Open During Renovations...

It was a crisp 22* F (-5* C) and the local Starbucks had a small walk –up window open for hot drinks and food. There were three baristas closely tucked inside with a space heater, coats, gloves, smiles, music and laughter. The milk and cream station was boldly out on the icy sidewalk. Renovation had started that day, complete with piles of material visible through the windows as I walked past with my latte. Aren’t we all “Open During Renovation”? I mean, it’s not like we get to stop when it’s hard to keep going, we just get to rest a little. But we persevere through and do the work and renovation as we go.

Staying open during the construction was a brilliant plan, I stopped there for coffee because of the perseverance and good cheer of the frozen baristas. Renovations are messy. They usually take longer and cost more than you think they will. And the end result often looks nothing like you planned. Eventually though, it’s over.

sandys brain picI imagined how it works inside us – construction happening in our own renovations as we try to stay cheerful and open. I had this picture of a brain with a little walk-up window, some scaffolding, and tiny baristas doing their best with bottles of cortisol, dopamine, serotonin, pro-inflammatory mediators “What are you ordering today?”

For me, I prefer an Extra Shot of Dopamine and Serotonin, usually getting those with an order of Hope and Possibility. Laughter is my favorite anti-inflammatory*. I’ll take a Grade Latte with a double shot of Resilience!

What if that’s really how it works? Physical Therapists like to tell people to keep moving. Moving sometime hurts, or you just can’t do it “one more time”. Rest a bit, take a couple of easy breaths** and give moving easily another chance. You are stronger than you feel. You are resilient, and resiliency gets better with practice (everything does, even feeling crappy). The flare-ups and dark-downs are not permanent, though they may feel like they are when you are in the midst of them.

The Frozen Baristas at the local Starbucks may have felt like they would be stuck in that little walk-up forever, the charm may have worn off as they lost feeling in their fingertips… but the newly polished store is once again fully open and shining!

What will you order today?

* Poetic license. It’s not quite that simple…

** Why Breathing? Persistent pain and challenges that go on too long can make it hard to feel or pay good attention to your body. You may have become accustomed to the tension and guarding you’ve used for so long that you don’t realize anymore that you are doing it. It’s become normal. Or maybe you’re not bracing or guarding anything at all – but to keep going through your own renovation you’ve stopped feeling or even being aware of a part of you, you’ve “put it somewhere else” so that you could keep going. Both of these are great short-term tools – but they aren’t supposed to be permanent! Breathing mindfully can help you take an imaginary walk to and through parts of yourself that need some kind awareness and timely attention.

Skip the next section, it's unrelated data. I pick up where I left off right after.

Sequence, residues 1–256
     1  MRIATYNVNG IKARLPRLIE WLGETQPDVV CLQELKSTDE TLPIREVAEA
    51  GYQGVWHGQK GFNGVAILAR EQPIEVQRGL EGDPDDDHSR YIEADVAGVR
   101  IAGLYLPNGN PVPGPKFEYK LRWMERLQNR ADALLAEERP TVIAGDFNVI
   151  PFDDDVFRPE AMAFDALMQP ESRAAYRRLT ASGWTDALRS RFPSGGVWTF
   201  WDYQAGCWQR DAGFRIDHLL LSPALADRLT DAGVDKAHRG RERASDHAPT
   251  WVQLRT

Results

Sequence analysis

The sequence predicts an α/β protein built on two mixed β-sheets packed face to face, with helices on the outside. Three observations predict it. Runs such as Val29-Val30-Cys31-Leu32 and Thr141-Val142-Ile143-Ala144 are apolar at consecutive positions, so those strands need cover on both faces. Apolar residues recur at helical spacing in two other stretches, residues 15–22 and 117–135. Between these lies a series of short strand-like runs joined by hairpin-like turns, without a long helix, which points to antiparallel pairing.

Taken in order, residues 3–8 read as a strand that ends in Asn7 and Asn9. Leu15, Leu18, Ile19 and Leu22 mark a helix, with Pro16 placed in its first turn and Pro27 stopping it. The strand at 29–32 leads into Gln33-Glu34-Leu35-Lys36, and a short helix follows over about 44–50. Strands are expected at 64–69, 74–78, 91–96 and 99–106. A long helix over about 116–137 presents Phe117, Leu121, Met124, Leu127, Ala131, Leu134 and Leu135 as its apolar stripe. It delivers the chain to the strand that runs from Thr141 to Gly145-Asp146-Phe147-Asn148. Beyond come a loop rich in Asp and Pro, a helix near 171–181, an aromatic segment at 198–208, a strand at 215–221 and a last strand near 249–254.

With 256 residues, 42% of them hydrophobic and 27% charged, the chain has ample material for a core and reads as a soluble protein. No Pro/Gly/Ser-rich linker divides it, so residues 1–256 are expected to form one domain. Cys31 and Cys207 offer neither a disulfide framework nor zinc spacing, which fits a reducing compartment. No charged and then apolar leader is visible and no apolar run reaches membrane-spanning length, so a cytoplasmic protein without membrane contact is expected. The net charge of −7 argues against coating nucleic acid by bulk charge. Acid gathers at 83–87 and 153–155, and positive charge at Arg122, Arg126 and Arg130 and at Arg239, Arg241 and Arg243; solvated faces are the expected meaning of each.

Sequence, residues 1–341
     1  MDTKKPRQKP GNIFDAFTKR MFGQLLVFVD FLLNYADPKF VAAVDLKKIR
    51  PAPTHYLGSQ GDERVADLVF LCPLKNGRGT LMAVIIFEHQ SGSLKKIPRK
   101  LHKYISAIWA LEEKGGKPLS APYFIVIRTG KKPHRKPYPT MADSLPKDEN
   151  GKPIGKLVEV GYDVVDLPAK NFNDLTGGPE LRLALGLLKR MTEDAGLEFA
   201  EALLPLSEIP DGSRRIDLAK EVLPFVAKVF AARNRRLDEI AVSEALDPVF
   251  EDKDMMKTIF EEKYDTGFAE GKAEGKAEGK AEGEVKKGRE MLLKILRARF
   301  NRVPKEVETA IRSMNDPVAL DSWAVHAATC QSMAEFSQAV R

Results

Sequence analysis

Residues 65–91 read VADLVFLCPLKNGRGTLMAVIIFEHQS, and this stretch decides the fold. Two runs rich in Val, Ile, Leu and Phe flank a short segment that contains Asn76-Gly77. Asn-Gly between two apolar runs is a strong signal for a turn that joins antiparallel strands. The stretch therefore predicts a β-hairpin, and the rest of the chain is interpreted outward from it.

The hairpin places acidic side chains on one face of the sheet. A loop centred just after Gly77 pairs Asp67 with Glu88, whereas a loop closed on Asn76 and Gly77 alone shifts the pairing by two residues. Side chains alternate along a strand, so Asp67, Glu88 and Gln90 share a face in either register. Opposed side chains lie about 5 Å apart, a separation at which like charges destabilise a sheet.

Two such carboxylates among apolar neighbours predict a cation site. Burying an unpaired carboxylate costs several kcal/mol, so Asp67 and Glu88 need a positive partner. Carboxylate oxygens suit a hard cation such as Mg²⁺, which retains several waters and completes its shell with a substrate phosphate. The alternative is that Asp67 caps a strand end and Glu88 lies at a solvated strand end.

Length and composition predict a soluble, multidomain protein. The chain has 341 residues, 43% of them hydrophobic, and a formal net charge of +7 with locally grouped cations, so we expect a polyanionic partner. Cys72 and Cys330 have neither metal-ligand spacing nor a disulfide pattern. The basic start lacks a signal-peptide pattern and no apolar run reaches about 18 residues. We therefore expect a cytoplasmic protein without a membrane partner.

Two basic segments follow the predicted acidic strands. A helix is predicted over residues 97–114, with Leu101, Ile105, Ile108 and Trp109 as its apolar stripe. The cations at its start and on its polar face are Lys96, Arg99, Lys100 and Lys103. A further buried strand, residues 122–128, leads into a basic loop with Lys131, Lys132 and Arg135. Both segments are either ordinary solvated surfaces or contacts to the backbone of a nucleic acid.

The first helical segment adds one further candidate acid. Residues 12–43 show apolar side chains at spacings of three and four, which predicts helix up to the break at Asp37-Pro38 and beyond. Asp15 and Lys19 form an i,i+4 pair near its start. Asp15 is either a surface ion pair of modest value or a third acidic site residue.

Why Should You Come to Neil's Course?

This is an update of a blog we posted last year....  It's exciting that we didn't have to change much, as Neil will be returning to Entropy in July 2016!!  If you missed him last year, don't miss him again!  Neil O'Connell will be popping across the pond this July to hang out in Chicago, and come have a chat at Entropy Physiotherapy.  Sandy and I have invited Neil to come and help us understand how to not just read, but interpret 'evidence' correctly.  You don't have to go far into Twitter, Facebook, or any number of blogs to see 'evidence' thrown around to support a chosen view.  But how can you tell if the evidence is sound?  Reading the whole article is a good place to start, but understanding what makes a study strong is a whole other level.  Neil will help us understand how to tell if that study is any good, if it can support the claims the conclusion makes, and how to apply the study to true 'evidence based practice'.


Also, there will be a headstand competition...  Neil kicked my butt in Buenos Aires (I will NEVER again underestimate my opponent), and he totally called me out by name on CynicalPT's blog. So in case you needed another reason to come have a great weekend at Entropy, you can see the rematch of the year:  Dr. Neil O'Connell vs. Sarah the PT in a headstand challenge! I've had another year to train....  So this one will be epic.


You can sign up now and reserve your spot!  We're keeping the course small, so there's plenty of time for arguing/debating the finer points of evidence in the world of PT!

See you there!!


And Neil, I've been practicing.... IMG_2528

What to Look for When You're Looking for Help with Pelvic Pain

Pelvic Pain can be hard to deal with.  The amazing amount of information (both good and bad, accurate and inaccurate) can be overwhelming.  How do you wade through everything and find the help that is right from you? Here are a few suggestions that you may find helpful.  Remember:  If you feel scared or hopeless, you’ve just not yet found the right person to help you.

Medically Induced Healthcare Issues

Healthcare can do better....

This weekend I had the good fortune to attend  a wonderful course, Comprehensive Management of Bowel Dysfunction.  As a pelvic health physio, patients with gastrointestinal, digestive, and bowel issues are always challenging.  And the fact of the matter is, if you ask your patients (even the ones coming to see you for their knees), they’d tell you about their bowels.